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Livestock producers to receive tax break

Livestock producers to receive tax break

The feds released a list of additional regions that are eligible for a tax deferral this year

By Kate Ayers
Staff Writer

The federal government announced more regions that are now eligible for the livestock tax deferral provision for 2018.

On Sept. 14, the Government of Canada posted an initial list of regions in British Columbia, Alberta, Saskatchewan, Manitoba and Quebec in which producers are eligible for tax relief.

“When the federal government came out with its first list of areas eligible for the tax deferral, that was very much welcomed,” Brian Lemon, general manager of Manitoba Beef Producers, said to yesterday. 

“We understood that … there would be (another) review process and there would be an opportunity to add further rural municipalities (RMs).”

On Wednesday, the feds announced an updated list that includes more regions in Alberta, Saskatchewan, Manitoba, Quebec and New Brunswick where it has authorized the livestock tax deferral, a recent government release said.

A full list of the prescribed regions in each province for 2018 can be found here.

“We are certainly happy to see that this tool will be available for producers in these other 17 RMs,” Lemon said.

The staff at the Saskatchewan Stock Growers Association (SSGA) is reviewing the expanded list to see if any additional RMs should be added, Chad MacPherson, SSGA’s general manager, said to yesterday.

The deferral provision allows producers in the listed regions, which experienced drought or excessive moisture, to postpone claiming some of their 2018 sale earnings from breeding livestock until next year to help replenish the herd, the release said.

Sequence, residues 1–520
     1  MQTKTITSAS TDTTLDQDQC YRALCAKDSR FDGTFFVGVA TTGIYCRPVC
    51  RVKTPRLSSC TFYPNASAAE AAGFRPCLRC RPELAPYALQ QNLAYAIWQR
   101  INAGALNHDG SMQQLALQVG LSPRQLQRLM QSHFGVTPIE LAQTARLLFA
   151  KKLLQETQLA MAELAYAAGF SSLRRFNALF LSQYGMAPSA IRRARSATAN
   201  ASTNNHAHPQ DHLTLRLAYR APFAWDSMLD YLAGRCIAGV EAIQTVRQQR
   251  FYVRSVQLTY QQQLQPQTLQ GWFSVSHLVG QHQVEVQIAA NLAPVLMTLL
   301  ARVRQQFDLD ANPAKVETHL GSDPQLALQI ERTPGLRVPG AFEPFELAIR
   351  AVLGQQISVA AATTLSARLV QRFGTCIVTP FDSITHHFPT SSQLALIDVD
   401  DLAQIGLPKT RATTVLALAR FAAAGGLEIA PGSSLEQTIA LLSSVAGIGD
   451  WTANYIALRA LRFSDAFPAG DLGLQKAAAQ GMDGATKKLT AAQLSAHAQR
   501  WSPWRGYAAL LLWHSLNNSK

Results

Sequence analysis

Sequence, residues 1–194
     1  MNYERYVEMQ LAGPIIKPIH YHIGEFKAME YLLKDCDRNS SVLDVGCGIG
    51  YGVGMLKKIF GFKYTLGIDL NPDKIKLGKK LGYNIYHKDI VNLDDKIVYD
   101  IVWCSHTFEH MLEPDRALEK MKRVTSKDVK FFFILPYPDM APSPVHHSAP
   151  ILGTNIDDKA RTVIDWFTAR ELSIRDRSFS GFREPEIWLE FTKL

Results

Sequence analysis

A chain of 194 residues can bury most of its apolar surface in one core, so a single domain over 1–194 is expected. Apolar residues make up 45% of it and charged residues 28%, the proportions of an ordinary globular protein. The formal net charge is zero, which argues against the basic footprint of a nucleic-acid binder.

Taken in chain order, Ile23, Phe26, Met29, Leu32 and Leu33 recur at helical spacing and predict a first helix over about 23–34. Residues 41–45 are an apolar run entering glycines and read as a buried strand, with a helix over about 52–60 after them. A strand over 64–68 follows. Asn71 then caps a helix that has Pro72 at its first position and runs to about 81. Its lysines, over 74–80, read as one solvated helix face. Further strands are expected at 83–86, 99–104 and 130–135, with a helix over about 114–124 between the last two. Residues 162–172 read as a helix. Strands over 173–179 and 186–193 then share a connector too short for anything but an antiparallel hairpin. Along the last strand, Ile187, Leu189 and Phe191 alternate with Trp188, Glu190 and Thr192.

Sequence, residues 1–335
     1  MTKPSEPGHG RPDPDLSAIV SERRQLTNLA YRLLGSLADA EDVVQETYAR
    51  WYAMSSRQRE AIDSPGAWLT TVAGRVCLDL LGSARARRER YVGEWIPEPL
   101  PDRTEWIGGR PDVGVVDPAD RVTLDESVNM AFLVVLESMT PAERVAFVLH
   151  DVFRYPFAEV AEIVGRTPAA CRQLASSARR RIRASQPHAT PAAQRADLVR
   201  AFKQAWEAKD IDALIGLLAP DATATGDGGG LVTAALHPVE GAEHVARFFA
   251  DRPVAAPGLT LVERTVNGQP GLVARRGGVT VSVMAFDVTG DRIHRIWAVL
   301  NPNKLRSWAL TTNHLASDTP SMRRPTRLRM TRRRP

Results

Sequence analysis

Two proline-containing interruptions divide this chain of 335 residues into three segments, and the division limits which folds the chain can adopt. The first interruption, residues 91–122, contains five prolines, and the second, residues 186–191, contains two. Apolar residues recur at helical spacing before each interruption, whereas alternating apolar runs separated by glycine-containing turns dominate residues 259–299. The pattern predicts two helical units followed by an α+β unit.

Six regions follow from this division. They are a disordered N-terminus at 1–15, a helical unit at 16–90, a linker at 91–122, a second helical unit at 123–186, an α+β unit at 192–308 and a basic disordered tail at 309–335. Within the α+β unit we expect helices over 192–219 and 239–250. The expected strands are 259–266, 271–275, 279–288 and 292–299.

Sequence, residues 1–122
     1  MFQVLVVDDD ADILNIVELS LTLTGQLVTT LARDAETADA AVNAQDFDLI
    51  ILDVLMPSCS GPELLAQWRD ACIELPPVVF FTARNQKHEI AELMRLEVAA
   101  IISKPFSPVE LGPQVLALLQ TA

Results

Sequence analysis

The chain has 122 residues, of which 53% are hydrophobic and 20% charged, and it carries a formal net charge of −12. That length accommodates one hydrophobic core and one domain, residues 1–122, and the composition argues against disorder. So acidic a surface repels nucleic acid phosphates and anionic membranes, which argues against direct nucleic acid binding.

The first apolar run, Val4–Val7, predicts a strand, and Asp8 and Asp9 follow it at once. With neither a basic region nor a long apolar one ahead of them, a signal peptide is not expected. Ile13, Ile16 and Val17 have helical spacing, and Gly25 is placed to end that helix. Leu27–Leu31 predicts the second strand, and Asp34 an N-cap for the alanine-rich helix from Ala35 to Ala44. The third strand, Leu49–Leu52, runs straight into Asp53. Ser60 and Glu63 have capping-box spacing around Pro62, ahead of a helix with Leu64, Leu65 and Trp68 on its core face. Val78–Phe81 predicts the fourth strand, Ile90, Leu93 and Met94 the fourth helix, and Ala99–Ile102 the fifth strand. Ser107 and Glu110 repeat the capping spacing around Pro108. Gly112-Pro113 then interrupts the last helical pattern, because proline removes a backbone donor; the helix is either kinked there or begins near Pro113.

“Producers who have reduced their herds by 15 to 30 per cent are able to defer 30 per cent of the income from (their) net sales,” MacPherson said.

If producers reduced their herds “by more than 30 per cent, (they) are able to defer 90 per cent of the income from (their) net sales. The provision helps producers manage their tax burden from increased net sales and allows them to restock breeding animals once moisture conditions have improved.”

Producers in the prescribed regions can ask for the livestock tax deferral while filing their 2018 income tax returns.

“Moisture conditions for the past two growing seasons have been well below normal across most of Saskatchewan,” Macpherson said.

“Hay crops this year were below average, pasture conditions have been negatively impacted and water shortage is an issue in some areas.  As a result, producers have (had to) make hard decisions about reducing herd sizes, marketing animals earlier than planned, relocating animals to other parts of the province and purchasing feed at inflated prices.”

However, producers are optimistic with the recent rain.

Rike_/Getty Images photo



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